“These special offerings include taking permission from local authorities, seeing that not more than two guests are in one room, checking accommodation, making sure the lockdown rules are being followed, etc.,” Shalini says.

Journey Weavers recently organised one such wedding in Ranchi, and has three more in the pipeline. 

Business model and plans ahead

Last year, the startup reported business of Rs 2 crore from its travel vertical. And with this pivot, Shalini hopes to at least make 50 percent of what it made last year as it is completely new, and it will take some time to settle before they start making profits.

Journey Weavers provided trips across budgets and in the wedding business, one wedding costs a few lakhs or more.

Besides curating corona-special weddings, Journey Weavers is also working on various other verticals such as corporate gifting to stay afloat in the difficult times.

Shalini says the company is also keeping its travel customers in touch so that as soon as the travel industry resumes, Journey Weavers can continue in that line of business as well. 

“In order to figure out how to cope with upcoming downfall in the travel industry, we are trying various new strategies to have travel customers active. For example, we have curated a few travel online games that are going around Instagram these days,” she says.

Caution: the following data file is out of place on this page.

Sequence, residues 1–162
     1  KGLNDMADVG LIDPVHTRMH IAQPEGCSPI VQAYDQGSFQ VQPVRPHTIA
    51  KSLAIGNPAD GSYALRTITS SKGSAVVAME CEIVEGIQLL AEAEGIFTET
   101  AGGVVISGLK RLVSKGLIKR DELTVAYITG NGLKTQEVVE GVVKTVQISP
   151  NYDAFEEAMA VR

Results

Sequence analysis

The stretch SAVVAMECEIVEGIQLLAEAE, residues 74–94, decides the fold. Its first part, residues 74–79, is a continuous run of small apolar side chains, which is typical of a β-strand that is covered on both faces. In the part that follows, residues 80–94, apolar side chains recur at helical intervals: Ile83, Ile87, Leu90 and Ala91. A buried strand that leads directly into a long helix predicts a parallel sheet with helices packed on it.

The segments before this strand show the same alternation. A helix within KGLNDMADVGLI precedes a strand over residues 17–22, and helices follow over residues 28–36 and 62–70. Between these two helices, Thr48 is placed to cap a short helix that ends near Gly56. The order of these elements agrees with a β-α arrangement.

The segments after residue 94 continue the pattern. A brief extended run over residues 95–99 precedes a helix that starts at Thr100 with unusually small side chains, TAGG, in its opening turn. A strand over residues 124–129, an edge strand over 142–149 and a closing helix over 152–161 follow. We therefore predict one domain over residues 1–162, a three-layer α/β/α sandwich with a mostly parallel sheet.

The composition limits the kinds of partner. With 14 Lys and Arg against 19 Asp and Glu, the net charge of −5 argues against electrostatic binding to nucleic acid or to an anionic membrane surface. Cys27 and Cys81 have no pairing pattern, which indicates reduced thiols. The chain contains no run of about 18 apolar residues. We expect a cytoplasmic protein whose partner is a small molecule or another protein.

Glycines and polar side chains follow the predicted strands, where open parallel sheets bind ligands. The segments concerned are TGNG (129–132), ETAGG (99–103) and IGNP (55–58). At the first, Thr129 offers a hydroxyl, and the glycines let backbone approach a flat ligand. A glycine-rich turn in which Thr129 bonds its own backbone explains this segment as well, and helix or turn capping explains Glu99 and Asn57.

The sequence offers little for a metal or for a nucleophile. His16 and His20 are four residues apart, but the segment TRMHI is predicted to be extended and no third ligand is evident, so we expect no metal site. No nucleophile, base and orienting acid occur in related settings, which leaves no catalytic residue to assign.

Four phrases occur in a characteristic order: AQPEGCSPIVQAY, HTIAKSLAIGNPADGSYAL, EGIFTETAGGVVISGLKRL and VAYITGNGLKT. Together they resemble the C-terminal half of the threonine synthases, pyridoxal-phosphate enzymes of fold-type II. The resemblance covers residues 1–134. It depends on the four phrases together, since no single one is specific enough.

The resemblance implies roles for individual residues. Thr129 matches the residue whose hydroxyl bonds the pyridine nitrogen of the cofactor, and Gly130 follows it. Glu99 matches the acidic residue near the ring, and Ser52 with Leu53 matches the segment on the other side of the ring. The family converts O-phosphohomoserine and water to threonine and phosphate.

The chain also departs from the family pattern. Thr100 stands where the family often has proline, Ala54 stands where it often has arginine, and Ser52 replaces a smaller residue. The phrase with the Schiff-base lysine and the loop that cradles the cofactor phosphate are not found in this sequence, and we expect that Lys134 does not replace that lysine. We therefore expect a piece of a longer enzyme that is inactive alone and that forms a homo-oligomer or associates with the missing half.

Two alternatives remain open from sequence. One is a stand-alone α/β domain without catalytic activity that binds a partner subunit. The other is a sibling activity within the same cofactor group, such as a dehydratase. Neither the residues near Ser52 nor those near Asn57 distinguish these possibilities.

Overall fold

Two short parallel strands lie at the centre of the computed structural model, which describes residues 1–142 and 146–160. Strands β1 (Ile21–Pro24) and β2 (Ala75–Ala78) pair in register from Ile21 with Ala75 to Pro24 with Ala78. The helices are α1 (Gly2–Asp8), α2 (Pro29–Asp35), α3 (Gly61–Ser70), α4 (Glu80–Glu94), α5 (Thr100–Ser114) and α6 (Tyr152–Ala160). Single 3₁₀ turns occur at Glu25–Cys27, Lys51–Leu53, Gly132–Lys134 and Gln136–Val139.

Besides this, she says the team is constantly revisiting the brand strategy and business model, and is exploring newer models such as online workshops, sessions in categories such as financial advisors, makeup artists, stress management, life coach, etc.

In the wedding business, the company is looking forward to focus on destination weddings across India. Meanwhile, the founder also says that once the new business line picks up, Journey Weavers is also exploring opportunities like partnerships with clubs across the country.

“The idea is to connect with people who have an idle property and convert it into a home stay for travellers, giving them a cleaner, safer, yet affordable experience. Due to the adverse effect of coronavirus on top international destinations like Europe and America, people will avoid travelling to these destinations for some time even after the lockdown, and instead opt for domestic travel. The good days for domestic travel are foreseen,” hopes Shalini.

In the past five years, Journey Weavers has covered over 125 destinations. Shalini says, in a month the company would typically do around 55-65 trips, which may not happen this year.

Even though the revenues and viability of the renewed business model would be seen later in the year, Shalini is positive of her offering. She says that since the companies are going through layoffs and salary cuts, the online sessions will be less expensive and affordable for them.

YourStory’s Pivot and Persist series spotlights Indian startups that are pivoting to seize new business opportunities, transforming their business models, and offerings to navigate the current COVID-19 crisis.

Edited by Megha Reddy